# Positive integer $m≤n$ such that $m$ has the largest number of distinct prime factors among all positive integers $\le n$

How do I interpret the following mathematically:

Consider a positive integer $$n$$ such that $$n=p_1^{\alpha_1}p_2^{\alpha_2}\cdots p_m^{\alpha_m}$$ where $$p_i$$ are primes and $$\alpha_i$$ are positive integers.

I want to consider the positive integer $$m\le n$$ such that $$m$$ has the largest number of distinct prime factors among all positive integers less than or equal to $$n$$.

I explain it with the following example:

Consider $$n=36$$. Here my $$m$$ will be $$30$$ since $$30=2\times 3\times 5$$ and it has the largest number of distinct prime factors among all positive integers which are less than or equal to $$n=36$$.

But I cant express my view mathematically. How do I present my mathematical idea? Can someone please help me to write the above fact in a more precise and concise manner which can be easily understood by mathematicians.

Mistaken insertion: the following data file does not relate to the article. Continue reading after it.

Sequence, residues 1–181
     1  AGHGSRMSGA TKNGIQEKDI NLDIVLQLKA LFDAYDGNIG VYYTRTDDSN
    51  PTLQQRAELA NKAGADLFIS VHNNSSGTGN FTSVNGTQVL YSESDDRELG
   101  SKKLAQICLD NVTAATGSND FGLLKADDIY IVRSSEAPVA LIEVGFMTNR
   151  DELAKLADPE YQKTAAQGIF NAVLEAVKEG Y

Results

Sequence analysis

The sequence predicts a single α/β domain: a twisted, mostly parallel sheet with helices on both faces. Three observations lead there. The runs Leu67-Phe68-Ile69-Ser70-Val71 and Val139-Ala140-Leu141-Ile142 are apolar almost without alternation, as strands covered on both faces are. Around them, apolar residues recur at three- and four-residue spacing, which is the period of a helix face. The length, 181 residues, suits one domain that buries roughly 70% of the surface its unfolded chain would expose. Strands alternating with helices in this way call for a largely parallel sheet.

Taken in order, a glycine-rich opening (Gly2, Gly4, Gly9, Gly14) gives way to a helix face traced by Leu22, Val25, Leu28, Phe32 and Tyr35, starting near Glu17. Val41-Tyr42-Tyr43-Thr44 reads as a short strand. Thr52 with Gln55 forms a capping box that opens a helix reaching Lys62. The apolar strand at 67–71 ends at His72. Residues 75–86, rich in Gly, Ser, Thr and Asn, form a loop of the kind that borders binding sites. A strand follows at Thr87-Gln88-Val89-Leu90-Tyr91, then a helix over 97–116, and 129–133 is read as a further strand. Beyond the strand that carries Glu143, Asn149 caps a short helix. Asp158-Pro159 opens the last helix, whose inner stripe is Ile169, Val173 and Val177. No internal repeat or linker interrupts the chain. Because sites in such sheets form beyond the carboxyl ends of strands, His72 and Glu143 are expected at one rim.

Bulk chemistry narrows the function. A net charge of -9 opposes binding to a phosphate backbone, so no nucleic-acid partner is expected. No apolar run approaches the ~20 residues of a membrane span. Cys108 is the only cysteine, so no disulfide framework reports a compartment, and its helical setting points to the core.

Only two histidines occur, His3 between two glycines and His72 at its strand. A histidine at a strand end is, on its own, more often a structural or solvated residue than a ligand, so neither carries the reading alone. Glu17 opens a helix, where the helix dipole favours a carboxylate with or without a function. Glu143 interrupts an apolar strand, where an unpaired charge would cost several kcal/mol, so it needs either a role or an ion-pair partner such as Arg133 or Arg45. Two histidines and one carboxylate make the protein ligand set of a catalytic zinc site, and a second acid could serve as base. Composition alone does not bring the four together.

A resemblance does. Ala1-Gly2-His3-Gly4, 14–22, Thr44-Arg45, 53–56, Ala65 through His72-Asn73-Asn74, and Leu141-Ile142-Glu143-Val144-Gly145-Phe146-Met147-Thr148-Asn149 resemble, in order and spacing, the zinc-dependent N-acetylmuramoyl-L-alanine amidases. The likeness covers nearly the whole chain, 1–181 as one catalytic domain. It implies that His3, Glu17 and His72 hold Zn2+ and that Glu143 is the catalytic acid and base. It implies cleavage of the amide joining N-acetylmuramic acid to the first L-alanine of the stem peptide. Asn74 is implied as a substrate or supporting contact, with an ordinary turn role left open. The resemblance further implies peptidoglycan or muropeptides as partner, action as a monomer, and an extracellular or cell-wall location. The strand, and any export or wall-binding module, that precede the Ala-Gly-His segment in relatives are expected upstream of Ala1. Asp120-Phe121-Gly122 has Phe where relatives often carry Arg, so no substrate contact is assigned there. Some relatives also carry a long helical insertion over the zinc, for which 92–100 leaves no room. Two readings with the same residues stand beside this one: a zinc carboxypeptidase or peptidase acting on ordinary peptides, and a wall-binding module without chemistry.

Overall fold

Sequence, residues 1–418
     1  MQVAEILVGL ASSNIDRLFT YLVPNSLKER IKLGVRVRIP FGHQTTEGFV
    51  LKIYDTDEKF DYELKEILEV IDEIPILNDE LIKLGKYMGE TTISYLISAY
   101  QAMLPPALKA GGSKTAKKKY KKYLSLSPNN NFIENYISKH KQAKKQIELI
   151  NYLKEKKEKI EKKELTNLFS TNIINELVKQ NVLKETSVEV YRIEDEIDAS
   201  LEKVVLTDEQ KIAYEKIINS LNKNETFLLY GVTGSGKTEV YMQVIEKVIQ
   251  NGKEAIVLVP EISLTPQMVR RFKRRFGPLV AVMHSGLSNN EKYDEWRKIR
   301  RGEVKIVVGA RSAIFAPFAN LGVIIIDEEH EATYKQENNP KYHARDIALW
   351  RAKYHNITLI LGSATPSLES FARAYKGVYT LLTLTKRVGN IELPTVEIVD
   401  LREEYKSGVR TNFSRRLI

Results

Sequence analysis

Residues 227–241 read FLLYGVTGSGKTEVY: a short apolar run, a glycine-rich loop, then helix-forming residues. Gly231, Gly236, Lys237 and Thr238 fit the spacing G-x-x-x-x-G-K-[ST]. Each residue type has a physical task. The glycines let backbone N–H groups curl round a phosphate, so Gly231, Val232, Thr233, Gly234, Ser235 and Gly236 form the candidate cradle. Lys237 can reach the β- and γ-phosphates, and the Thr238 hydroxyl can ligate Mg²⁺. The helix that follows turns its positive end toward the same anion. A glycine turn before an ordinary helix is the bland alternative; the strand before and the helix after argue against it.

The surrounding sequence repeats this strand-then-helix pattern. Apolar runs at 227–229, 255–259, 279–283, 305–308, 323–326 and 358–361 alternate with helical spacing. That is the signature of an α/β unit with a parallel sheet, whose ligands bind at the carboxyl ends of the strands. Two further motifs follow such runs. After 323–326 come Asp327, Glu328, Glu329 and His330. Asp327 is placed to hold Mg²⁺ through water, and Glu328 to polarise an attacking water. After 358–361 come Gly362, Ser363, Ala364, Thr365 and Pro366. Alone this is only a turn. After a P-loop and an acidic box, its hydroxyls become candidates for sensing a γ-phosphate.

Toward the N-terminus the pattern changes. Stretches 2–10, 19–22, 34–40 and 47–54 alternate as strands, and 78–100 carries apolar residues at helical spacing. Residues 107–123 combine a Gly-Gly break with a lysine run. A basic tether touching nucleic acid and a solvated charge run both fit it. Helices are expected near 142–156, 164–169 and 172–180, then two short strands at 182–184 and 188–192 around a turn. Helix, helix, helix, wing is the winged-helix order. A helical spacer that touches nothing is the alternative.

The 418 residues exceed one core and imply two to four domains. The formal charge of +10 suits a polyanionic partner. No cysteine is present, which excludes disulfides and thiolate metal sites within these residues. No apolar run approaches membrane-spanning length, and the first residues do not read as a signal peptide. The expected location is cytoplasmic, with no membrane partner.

• math.stackexchange.com/questions/409675/… Jun 30, 2020 at 6:58
• @DhanviSreenivasan; I never asked in my question to find the number of prime factors of an integer, i needed help with writing my concept Jun 30, 2020 at 10:15

Find the largest positive integer $$\ k\$$ with $$\ p_k$$#$$\le n\$$
Then, there is a number not exceeding $$\ n\$$ , namely $$\ p_k$$# , with $$\ k\$$ distinct prime factors and a number with $$\ k+1\$$ or more distinct prime factors must be at least $$\ p_{k+1}$$#$$>n\$$
Hence , the desired number is $$\ m=p_k$$# , in other words, the largest primorial not exceeding $$\ n\$$.
• What is meant by #? Jun 30, 2020 at 10:08
• $p$# stands for $\ 2\cdot 3\cdot 5\cdots p\$.(called "primorial") Jun 30, 2020 at 10:08
• It is easy to show that the primorial with the primes upto the $\ k\$-th prime is the smallest positive integer with at least $\ k\$ distinct prime factors. Jun 30, 2020 at 10:10
• What does primorial mean? I am sorry but is it possible to give a more detailed answer Jun 30, 2020 at 10:13